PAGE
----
McClelland is a brand that needs no introduction, their array of premium blends is among the most popular and most respected in the world of pipe tobacco. Mike McNeil is the man behind this iconic brand, and his tireless work ethic and supernatural blending talents are the driving force that have caused it’s phenomenal success. In addition to his blending skills, Mike is a great guy, very humble and down-to-earth, and as it might happen a personal friend of mine and of P&C as a whole. As such, he was gracious enough to take a few minutes out of his busy schedule to answer a few questions for me, and by proxy all of you. We’re proud to print this exclusive interview here on Talking Tobacco and we hope you enjoy this little inside view from one of the most innovative companies in our industry.
SB: How did you start off in the tobacco industry?
MM: I began at Fred Diebel’s factory in 1973. Diebel’s was a retailer with four stores. The factory was in a cave at 95th and Holmes Road in Kansas City at that time. I was 17 years old, and the prospect of a part-time job in a cave was very appealing to me. Some say that explains a lot. The first day, I labeled cans. The next day, I was shoveling burley into a dryer. I loved every minute of it, and I still do, after 40 years in pipe tobacco.
SB: What is your favorite McClelland tobacco blend? Favorite non-McClelland blend?
MM: My favorite McClelland blend right now is Stave-Aged 35. I am fascinated with the mingling of the Virginias with the bourbon barrel wood. My favorite non-McClelland is Wessex Gold Sliced Virginia. It is great in a small clay or meerschaum. I find it strange, but I just don’t like it in a briar. What does that mean?
SB: When you get ready to create a new blend, do you start by identifying a style your catalog is lacking and blend with that concept in mind, or does the blend just present itself to you regardless of style/components?
MM: Over the years we have filled in gaps, but most of our recent blends are ideas that just come to us out of the blue. In recent years, my concentration has been on attempting things that haven’t been done before in tobacco history: The oriental varietals in the Grand Oriental Series, Cajun Black, and now, especially, Stave-Aged tobaccos. There are hundreds of Virginia and Latakia blends on the market, so why continue hammering out more of these? If I’m going to put energy into a blend that’s already been attempted repeatedly, it has to be something really special.
SB: How do you see the future of the world of pipe tobacco?
MM: Will we be hit by an asteroid or a comet? Will Bernacke raise interest rates? Will Jennifer Lopez call me and tell me she loves me? Will I think of something greater than stave-aging? In short, I don’t know. But look at all the famous blends that have disappeared or are now made by someone else. If a pipe smoker likes a blend, he should buy it now. If he loves the blend, he should buy more. I have seen incredible changes in 40 years—and, believe me, we will see more of them.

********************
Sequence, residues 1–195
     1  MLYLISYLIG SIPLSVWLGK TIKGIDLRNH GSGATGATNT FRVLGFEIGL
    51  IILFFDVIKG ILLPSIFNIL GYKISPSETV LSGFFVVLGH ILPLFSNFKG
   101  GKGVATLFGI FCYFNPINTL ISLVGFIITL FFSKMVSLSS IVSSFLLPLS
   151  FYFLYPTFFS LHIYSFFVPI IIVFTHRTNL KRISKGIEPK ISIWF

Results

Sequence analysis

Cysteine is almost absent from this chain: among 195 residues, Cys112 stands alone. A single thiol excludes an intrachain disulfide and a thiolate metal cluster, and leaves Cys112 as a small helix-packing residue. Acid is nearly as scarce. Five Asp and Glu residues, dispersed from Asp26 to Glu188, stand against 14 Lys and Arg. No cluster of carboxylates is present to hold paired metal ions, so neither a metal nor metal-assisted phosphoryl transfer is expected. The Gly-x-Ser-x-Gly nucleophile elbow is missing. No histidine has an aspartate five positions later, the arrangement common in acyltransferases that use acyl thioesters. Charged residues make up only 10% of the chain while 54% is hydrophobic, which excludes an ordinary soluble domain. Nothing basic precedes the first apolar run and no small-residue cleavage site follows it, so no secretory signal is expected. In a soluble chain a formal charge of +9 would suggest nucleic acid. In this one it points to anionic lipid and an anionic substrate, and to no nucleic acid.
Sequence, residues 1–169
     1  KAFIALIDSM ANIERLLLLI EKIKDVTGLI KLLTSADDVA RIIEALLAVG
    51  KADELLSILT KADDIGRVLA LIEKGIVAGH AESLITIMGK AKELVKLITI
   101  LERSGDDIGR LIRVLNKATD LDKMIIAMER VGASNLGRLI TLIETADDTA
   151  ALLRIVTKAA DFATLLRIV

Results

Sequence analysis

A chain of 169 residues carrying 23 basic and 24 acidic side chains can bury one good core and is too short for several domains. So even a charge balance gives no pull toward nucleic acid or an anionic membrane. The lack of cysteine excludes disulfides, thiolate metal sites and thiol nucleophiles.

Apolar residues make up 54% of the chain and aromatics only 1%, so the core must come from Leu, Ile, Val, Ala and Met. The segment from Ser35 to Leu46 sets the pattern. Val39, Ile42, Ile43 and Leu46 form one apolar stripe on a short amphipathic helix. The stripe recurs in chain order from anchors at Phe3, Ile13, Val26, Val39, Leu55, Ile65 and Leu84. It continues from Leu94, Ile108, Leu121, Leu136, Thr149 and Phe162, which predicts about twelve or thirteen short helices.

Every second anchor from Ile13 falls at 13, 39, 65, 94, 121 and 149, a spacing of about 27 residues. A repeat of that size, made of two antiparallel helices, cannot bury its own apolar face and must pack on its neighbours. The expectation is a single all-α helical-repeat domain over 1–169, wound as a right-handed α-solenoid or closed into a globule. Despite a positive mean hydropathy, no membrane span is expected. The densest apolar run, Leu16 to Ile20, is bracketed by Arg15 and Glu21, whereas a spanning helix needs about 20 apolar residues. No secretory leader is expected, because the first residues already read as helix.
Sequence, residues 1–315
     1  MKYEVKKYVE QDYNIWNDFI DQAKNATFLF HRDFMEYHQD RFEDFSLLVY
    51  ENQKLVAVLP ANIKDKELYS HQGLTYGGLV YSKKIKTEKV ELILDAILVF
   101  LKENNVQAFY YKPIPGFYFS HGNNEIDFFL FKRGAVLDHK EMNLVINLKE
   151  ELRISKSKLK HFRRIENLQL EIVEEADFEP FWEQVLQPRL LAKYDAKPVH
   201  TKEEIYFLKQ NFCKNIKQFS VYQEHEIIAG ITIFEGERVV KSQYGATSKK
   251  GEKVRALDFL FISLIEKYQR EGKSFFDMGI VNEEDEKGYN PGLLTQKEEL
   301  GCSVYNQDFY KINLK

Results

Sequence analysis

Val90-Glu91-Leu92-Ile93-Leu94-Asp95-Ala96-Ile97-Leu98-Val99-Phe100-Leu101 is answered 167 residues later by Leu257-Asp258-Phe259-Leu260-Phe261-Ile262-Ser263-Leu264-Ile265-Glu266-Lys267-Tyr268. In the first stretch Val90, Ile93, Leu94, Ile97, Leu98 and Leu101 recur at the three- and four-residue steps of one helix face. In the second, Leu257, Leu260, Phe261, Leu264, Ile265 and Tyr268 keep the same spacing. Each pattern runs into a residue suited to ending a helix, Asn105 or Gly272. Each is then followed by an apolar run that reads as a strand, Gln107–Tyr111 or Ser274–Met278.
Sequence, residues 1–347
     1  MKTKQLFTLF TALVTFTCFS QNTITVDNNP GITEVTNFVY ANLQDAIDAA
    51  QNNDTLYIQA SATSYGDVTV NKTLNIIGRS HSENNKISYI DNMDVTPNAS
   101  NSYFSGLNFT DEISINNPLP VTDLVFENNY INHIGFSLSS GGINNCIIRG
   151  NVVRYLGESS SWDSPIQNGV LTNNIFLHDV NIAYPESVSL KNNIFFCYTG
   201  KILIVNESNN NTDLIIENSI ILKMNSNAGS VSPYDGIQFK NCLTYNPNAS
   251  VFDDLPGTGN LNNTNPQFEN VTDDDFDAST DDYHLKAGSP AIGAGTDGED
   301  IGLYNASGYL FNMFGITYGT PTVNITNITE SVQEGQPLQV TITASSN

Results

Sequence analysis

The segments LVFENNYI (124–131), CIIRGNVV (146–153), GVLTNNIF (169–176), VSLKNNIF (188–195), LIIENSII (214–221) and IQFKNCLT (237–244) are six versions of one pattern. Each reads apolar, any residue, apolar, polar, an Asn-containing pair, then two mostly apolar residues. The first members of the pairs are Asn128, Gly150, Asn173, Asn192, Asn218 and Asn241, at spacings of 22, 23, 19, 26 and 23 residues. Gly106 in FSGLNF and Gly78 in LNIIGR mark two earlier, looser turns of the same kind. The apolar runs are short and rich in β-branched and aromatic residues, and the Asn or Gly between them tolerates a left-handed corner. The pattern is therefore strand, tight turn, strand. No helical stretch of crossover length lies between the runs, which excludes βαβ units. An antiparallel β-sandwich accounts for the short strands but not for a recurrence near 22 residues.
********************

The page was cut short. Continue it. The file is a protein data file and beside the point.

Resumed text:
SB: What does McClelland have in store for us in 2014?
MM: I don’t know…well, I really do, but I’m not telling you yet. There is this process that no one has ever thought of using before…oops!
SB: When you’re testing a new blend, how can you tell if it’s going to be popular and people are going to enjoy it?
MM: We seek out the best leaf on the planet and we work really hard to develop ways to bring out the flavors. Using gut instinct and often aided by sheer dumb luck we come up with products we love, and we trust that others will enjoy them, too.
SB: What is the biggest challenge you’ve faced in building your company?
MM: There have been so many, and all of them were big to me. Yes, I am an alarmist! I’ve been very lucky. The help I’ve had from other people can’t be measured. Finding the best leaf has always been tough. Frankly, with all the challenges we’ve faced and met, I’m sometimes shocked that we’re still here after 35 years.
SB: What blend would you suggest for someone who’s never tried McClelland tobacco before?
MM: I would have to know what they are smoking and enjoying now. On the Virginia side, Stave-Aged 35 and Navy Cavendish; on the Latakia side, Frog Morton’s Cellar and Blue Mountain; on the aromatic side, Best of Show and Town Topic.
SB: Obviously tobacco is more than just a job/career for you, but do you have any non-tobacco related hobbies or other stuff you do in your spare time?
MM: First, could you explain to me the meaning of “spare time”? If I understand your question, I have to ask, “Are you crazy?” I used to be the director of UMKC’s Warkozewski Observatory. I did that for 20 years. Then light pollution grew and spare time diminished. I really need to make time for the stars once again, and my wife has some other ideas for me as well.
McClelland is all-absorbing. I worked day and night, seven days a week on the stave-aging project after dwelling on it on and off for 9 years. It has always been important to me to do my best, whether it’s creating new products or producing the ones we have. I’m always working at it.